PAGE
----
SEMO revises reopening plan, former Lt. Gov. Kinder weighs in on debate
Southeast Missouri State University is revising its plan for reopening the Cape Girardeau main campus.
In a message emailed to faculty Thursday, the campus “will remain closed through May 31 at the very least.”
Earlier this month, Southeast president Carlos Vargas announced a Phase I reopening would begin Monday.
The message advised faculty “even after June 1, access will only be permitted in accordance with an approved re-opening plan. No one will be allowed to show up at will.”
Faculty who desire to be on campus, along with a reason for being there, must be approved by the appropriate school dean and Southeast’s academic provost.
Former Lt. Gov. Peter Kinder of Cape Girardeau said he doesn’t agree with White House coronavirus adviser Dr. Anthony Fauci’s continued extreme caution about the reopening of schools.
“I don’t buy (the reasoning),” said Kinder, who served 24 years overall in Jefferson City as a state senator and as Missouri’s No. 2 elected official.
“K-through-12 classes should be reconvened,” said Kinder, noting Georgia and Florida have “opened up and a (coronavirus) spike has not happened.”
Kinder cites the “costs” of a continued school shutdown may be seen in rising domestic violence calls and an “80% increase in suicide hotline calls.”
California State University, with a university system of nearly 500,000 students, announced earlier this week it will not allow in-person learning this fall, opting to continue with remotely delivered classes.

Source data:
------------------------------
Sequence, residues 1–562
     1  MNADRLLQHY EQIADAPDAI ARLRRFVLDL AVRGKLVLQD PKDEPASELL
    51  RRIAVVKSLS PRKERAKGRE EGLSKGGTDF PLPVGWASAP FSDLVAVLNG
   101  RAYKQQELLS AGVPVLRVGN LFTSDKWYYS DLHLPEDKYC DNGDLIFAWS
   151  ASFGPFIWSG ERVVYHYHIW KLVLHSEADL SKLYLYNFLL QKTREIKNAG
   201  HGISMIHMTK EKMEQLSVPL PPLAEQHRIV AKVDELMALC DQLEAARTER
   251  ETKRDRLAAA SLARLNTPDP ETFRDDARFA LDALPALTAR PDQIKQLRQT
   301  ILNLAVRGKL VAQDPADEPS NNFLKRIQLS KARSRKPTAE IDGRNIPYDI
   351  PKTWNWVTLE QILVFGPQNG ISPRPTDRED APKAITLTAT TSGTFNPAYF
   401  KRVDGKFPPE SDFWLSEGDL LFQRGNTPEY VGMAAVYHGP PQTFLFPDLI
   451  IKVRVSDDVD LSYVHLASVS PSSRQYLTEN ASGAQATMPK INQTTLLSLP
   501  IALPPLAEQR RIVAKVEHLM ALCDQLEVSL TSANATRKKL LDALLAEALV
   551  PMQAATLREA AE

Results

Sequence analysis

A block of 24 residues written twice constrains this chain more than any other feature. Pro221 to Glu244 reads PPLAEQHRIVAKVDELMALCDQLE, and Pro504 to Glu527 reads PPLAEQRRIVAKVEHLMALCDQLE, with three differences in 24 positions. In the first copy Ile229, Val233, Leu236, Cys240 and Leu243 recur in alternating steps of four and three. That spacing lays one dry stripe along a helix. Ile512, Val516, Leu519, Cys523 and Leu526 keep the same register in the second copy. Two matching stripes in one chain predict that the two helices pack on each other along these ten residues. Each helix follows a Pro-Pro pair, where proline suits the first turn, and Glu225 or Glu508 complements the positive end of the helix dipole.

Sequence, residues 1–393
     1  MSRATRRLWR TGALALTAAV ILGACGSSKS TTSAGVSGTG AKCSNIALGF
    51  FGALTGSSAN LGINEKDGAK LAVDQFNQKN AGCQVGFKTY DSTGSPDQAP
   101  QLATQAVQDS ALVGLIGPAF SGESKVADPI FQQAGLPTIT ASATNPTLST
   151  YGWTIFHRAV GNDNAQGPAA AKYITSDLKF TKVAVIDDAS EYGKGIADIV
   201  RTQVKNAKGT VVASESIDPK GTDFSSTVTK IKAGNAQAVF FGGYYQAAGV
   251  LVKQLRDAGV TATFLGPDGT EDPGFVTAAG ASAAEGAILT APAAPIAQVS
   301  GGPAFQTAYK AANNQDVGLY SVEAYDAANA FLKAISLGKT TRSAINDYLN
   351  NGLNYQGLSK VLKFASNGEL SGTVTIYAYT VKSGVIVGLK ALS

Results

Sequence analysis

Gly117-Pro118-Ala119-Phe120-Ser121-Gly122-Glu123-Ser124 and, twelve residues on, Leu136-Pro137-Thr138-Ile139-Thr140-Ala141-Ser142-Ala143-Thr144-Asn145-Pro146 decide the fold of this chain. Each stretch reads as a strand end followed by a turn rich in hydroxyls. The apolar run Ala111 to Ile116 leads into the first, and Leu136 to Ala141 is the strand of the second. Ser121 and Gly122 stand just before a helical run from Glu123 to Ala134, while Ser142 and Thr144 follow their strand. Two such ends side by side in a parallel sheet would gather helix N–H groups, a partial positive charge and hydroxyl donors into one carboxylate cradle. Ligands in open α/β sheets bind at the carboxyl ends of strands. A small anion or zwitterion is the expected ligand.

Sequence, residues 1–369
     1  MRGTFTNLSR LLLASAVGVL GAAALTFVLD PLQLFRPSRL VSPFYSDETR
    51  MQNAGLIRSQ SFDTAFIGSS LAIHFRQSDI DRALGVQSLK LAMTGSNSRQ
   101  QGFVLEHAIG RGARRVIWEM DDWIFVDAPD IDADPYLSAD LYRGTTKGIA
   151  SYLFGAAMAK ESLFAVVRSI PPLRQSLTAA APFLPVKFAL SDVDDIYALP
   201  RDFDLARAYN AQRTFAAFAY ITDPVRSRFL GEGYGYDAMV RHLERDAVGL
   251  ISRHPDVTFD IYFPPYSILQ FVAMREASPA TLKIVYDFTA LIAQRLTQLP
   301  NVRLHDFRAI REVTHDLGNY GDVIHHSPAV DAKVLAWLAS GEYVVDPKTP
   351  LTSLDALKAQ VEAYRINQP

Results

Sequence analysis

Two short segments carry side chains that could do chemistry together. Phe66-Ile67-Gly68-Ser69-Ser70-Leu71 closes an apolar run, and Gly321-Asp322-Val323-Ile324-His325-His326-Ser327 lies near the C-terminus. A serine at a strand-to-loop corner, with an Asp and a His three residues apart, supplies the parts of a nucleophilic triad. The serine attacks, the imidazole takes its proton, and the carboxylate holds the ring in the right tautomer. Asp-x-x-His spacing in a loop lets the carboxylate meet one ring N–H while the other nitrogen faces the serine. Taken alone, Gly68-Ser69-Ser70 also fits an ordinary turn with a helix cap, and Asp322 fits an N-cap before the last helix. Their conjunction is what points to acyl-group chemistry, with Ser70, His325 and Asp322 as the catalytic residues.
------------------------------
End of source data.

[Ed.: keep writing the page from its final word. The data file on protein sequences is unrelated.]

Kinder hopes Southeast will not follow Cal State’s lead.
“We can’t go on this way,” said Kinder, 66.
“We should weigh Fauci’s views but he is not the decider,” Kinder said.
“(Fauci’s) modeling has been way off,” he added.
Kinder said the medical community “is not monolithic,” saying researchers at Stanford University and Massachusetts Institute of Technology do not agree with Fauci’s approach.
Kinder also notes the observable damage to area hospitals.
“Our two largest employers in Cape Girardeau County are Saint Francis Medical Center and SoutheastHEALTH.
“We set out to flatten the curve but instead we also flattened the hospitals,” Kinder said, citing low patient census, benefit cutbacks and delayed or canceled procedures reported in various ways by both local health care systems.
“Outside of New York City and for a couple of weeks in Detroit and New Orleans, there have been no overwhelmed hospitals,” Kinder added.
Kinder said it is time to strike a sensible balance between public health and an economy that is cratering.
“There may not be a vaccine until the end of next year,” Kinder said.
“America can’t wait that long (to reopen),” he added.